Pregnancy May Help Cut Risks for HIV-Infected Women
Women with HIV infection who become pregnant have a lower risk of progression to AIDS and death,Vanderbilt researchers report in the online edition of the Journal of Infectious Diseases. They suggest that “the complex set of immunologic changes” during pregnancy may be interacting in a beneficial way with combination drug therapy.
Some previous studies in the developing world reporting higher levels of complications and deaths from AIDS among pregnant women were conducted before drug “cocktails” dramatically reduced death and complication rates. More study is needed, cautions Dr.Timothy Sterling, the study’s senior author and associate professor of medicine.The study was begun four years ago by firstyear medical student Mercy Udoji. Jennifer Tai also made major contributions to the study.
Multiple Sclerosis Gene Uncovered After 30-Year Search
Researchers have uncovered a gene linked to multiple sclerosis that could pave the way for future treatment options. Nature Genetics and The New England Journal of Medicine have published studies that report the most significant MS genetic breakthrough since the 1970s. Researchers from Vanderbilt, the University of Miami, the University of California-San Francisco, Duke University, and the University of Cambridge participated in the studies.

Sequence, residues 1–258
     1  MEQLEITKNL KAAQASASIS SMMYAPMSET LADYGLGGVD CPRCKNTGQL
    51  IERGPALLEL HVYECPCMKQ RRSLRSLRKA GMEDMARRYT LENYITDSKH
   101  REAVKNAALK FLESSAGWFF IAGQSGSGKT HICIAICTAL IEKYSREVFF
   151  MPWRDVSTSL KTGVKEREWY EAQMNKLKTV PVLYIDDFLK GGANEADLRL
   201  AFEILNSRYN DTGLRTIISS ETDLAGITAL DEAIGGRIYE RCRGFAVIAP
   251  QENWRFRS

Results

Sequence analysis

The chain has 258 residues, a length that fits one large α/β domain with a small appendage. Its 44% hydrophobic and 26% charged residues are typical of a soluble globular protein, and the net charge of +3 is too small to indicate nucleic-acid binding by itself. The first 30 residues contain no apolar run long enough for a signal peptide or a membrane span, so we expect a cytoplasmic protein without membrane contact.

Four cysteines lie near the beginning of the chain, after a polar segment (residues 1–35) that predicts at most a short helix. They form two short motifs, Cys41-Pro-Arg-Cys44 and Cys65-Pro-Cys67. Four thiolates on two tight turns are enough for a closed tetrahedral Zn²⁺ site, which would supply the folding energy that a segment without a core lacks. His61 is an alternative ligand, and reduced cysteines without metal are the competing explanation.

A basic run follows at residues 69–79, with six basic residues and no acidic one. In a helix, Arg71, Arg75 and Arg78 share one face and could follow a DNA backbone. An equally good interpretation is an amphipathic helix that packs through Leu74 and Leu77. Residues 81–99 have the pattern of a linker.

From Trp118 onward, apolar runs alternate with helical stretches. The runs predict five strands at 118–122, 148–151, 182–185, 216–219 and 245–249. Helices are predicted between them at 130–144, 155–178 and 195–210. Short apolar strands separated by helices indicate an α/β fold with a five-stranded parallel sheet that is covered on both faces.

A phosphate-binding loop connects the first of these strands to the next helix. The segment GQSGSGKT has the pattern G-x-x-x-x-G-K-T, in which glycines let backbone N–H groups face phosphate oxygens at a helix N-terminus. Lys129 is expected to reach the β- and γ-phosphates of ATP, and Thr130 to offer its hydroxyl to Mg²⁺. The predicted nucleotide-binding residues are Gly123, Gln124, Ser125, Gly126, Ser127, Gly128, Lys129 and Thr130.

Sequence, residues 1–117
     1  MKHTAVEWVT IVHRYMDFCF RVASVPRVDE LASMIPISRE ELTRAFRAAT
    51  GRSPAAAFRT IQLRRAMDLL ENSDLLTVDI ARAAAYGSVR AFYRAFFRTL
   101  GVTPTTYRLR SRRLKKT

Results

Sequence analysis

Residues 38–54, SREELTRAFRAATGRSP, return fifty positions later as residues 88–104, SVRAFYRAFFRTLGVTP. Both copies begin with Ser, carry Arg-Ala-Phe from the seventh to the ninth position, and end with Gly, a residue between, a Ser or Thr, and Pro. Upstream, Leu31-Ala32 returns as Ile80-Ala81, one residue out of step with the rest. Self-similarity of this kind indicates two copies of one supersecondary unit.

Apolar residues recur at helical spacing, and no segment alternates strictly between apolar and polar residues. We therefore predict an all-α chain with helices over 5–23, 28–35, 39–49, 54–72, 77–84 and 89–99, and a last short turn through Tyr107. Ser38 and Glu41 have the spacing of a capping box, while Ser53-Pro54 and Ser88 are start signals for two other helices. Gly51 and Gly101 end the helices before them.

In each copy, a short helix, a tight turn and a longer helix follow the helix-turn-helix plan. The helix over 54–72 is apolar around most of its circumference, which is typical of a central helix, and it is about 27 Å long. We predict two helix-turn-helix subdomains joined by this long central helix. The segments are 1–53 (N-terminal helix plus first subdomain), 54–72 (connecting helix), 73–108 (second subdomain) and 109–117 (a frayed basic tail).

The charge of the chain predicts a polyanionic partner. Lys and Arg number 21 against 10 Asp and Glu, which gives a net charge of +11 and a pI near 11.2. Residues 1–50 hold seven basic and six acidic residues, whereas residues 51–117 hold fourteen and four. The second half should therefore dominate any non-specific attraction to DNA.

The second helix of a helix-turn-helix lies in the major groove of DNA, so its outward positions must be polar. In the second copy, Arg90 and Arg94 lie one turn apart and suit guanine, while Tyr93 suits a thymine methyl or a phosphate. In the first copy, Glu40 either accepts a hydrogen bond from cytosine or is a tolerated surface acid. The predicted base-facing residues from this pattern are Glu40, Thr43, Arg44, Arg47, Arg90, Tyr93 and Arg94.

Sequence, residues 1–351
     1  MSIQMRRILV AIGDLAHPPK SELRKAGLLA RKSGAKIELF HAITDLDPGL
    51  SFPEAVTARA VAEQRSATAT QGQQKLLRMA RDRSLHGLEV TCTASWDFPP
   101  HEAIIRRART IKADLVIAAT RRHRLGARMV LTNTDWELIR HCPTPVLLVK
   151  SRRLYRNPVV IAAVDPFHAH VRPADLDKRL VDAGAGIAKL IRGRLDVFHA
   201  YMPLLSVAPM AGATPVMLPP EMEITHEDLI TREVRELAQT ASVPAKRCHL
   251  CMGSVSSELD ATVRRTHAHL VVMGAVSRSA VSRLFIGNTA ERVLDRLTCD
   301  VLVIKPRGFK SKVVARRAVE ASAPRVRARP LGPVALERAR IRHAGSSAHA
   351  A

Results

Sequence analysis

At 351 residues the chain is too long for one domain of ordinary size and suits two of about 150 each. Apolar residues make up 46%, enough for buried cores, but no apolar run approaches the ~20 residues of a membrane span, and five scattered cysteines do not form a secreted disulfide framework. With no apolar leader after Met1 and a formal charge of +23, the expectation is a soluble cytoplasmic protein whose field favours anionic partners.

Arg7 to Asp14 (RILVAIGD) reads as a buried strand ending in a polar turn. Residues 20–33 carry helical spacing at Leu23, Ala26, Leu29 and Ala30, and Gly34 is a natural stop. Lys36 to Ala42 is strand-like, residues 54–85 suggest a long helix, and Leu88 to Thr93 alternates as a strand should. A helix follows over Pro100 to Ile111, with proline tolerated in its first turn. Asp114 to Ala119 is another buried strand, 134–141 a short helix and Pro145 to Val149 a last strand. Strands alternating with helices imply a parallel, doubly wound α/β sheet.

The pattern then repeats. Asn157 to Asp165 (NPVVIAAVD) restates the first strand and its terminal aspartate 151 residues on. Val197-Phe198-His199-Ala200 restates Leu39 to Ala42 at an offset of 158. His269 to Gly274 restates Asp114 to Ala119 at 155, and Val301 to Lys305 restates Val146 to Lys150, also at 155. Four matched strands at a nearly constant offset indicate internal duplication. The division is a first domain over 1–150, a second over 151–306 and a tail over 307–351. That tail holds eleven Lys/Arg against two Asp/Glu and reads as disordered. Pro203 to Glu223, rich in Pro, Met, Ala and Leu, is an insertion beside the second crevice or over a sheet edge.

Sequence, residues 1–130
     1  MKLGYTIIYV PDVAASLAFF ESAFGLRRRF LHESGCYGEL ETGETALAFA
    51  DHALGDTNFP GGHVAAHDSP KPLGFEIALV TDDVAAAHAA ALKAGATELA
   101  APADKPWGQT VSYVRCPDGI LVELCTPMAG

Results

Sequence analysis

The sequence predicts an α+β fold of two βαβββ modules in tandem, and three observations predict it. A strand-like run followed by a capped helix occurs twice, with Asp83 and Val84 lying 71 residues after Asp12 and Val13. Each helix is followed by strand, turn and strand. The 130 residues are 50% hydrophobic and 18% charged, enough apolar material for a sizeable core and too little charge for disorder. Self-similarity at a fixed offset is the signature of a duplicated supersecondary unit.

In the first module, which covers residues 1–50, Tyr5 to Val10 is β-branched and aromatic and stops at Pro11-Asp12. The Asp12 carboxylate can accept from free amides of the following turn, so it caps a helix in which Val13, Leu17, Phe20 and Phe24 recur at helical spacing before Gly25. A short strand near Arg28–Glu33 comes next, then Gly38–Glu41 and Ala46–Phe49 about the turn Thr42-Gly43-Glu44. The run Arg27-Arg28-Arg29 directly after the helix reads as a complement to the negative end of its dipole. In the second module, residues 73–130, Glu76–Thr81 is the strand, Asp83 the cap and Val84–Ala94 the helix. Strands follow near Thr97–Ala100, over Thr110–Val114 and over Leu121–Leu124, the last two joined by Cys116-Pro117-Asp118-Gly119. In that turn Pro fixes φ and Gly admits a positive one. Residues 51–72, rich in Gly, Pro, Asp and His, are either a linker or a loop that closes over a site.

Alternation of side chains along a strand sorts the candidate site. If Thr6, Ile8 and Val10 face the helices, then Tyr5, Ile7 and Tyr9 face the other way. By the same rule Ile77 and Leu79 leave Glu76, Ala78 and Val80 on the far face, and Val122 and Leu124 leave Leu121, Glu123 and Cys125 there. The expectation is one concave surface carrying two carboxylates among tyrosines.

The research “provides solid genetic and functional evidence that the interleukin 7 receptor (IL7R) alpha chain gene is associated with MS,” says Jonathan Haines, director of the Center for Human Genetics Research at Vanderbilt.This genetic variation can increase an individual’s risk of developing MS by about 20 percent.
Mobile Pollution Sensors Could Offer Greater Accuracy
Engineers in the Vanderbilt Institute for Software Integrated Systems have won a research award from Microsoft Corp. to develop a real-time, online, detailed picture of air quality in large metropolitan areas. The mobile air-quality monitoring system will make it possible to monitor air quality more accurately than the current fixed-station system by using car-mounted sensors that measure, process and report emission levels.
Principal investigator is Akos Ledeczi, research assistant professor of electrical engineering at Vanderbilt. Xenofon Koutsoukos, assistant professor of computer science and computer engineering, and Peter Volgyesi, research scientist in electrical engineering and computer science, serve as co-principal investigators.